new DNS forwarder vulnerability

Jimmy Hess mysidia at gmail.com
Sat Mar 15 11:38:11 UTC 2014


On Fri, Mar 14, 2014 at 5:06 PM, Wayne E Bouchard <web at typo.org> wrote:


> Have we ascertained if there is a typical configuration adjustment
> that can be made to reduce or eliminate the likelihood of impact?
>

I think your best tactic is:  Provide specified DNS resolver cache servers.
Don't use CPEs for DNS forwarders.

The trouble is....  a CPE's  management/locally-bound IP address is in many
cases... often the same IP address that is a NAT address shared with user
traffic;  instead of a dedicated separate IP address that traffic can be
managed and security controlled.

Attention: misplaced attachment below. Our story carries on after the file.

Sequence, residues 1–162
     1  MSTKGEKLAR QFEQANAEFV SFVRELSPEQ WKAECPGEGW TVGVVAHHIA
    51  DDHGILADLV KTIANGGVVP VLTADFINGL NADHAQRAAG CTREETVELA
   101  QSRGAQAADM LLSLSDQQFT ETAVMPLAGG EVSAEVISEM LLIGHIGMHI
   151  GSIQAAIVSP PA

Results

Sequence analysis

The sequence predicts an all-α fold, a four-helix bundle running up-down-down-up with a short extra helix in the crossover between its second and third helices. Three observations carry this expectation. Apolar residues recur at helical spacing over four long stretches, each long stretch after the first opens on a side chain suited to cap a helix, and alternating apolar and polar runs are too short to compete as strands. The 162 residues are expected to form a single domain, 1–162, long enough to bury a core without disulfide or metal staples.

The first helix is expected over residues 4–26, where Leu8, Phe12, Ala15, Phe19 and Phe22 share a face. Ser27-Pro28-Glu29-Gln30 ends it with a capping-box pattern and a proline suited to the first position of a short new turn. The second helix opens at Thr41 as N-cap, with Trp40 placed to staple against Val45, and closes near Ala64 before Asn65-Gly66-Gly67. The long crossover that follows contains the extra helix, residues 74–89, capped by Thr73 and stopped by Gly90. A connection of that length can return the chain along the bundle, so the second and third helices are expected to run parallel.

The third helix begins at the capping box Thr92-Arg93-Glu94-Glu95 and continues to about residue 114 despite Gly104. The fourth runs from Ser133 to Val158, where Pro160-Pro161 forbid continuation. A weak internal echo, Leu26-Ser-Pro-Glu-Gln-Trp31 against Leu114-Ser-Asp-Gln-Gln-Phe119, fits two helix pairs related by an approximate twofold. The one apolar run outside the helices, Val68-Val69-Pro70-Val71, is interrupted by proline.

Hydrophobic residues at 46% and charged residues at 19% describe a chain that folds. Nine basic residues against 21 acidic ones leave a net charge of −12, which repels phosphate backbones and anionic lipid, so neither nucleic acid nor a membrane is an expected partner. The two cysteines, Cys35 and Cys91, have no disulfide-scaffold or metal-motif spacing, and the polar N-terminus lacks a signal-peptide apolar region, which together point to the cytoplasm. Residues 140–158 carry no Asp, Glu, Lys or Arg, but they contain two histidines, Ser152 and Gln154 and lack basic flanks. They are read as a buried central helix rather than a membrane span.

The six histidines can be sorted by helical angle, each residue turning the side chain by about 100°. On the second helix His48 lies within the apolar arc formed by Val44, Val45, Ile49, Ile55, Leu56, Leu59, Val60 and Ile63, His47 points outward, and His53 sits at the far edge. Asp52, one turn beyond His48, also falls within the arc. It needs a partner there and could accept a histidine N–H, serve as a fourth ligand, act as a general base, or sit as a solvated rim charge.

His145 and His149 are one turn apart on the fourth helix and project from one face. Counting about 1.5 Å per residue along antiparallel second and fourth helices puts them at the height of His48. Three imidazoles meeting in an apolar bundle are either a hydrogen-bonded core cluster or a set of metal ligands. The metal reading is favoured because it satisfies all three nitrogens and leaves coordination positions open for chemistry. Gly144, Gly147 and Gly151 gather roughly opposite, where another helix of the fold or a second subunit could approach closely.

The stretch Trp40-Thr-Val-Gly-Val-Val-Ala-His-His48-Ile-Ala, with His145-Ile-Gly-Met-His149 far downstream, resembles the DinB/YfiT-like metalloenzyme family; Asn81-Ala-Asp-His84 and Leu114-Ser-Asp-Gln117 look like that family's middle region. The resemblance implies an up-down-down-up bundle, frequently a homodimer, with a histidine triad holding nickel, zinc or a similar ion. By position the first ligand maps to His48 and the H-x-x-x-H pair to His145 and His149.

Providing you ensure that the CPE's  IP bound address is not overloaded or
shared with user traffic ----  you might try  firewalling  destination port
53  to the CPE, except from   the proper upstream DNS resolvers,   since
nothing else should be "replying" to a DNS request made by the CPE.

Look into whether  the CPE can use a different,  lesser-used UDP port than
53  to forward DNS requests to;  use device firewall rules or upstream ACLs
to limit which source IP addresses can talk to the service on the CPE's IP.



To ascertain effectiveness for a specific CPE,  you would need to run a
sample exploit  with a before and after test.





> (From the description it sounds as though this is not possible but it
> doesn't hurt to ask.)
>

--
-JH


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